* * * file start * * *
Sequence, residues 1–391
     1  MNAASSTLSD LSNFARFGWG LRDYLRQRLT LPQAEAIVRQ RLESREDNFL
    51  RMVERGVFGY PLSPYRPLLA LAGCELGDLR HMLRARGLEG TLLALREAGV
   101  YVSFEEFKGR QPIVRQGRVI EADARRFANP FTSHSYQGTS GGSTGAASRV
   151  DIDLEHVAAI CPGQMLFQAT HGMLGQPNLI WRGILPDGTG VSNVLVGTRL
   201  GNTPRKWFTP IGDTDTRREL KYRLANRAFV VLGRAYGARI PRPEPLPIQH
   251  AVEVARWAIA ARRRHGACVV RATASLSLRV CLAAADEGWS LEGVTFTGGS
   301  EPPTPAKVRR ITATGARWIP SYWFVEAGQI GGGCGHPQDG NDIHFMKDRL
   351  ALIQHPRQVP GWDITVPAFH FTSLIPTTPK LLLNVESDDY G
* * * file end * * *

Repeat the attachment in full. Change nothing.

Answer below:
Sequence, residues 1–391
     1  MNAASSTLSD LSNFARFGWG LRDYLRQRLT LPQAEAIVRQ RLESREDNFL
    51  RMVERGVFGY PLSPYRPLLA LAGCELGDLR HMLRARGLEG TLLALREAGV
   101  YVSFEEFKGR QPIVRQGRVI EADARRFANP FTSHSYQGTS GGSTGAASRV
   151  DIDLEHVAAI CPGQMLFQAT HGMLGQPNLI WRGILPDGTG VSNVLVGTRL
   201  GNTPRKWFTP IGDTDTRREL KYRLANRAFV VLGRAYGARI PRPEPLPIQH
   251  AVEVARWAIA ARRRHGACVV RATASLSLRV CLAAADEGWS LEGVTFTGGS
   301  EPPTPAKVRR ITATGARWIP SYWFVEAGQI GGGCGHPQDG NDIHFMKDRL
   351  ALIQHPRQVP GWDITVPAFH FTSLIPTTPK LLLNVESDDY G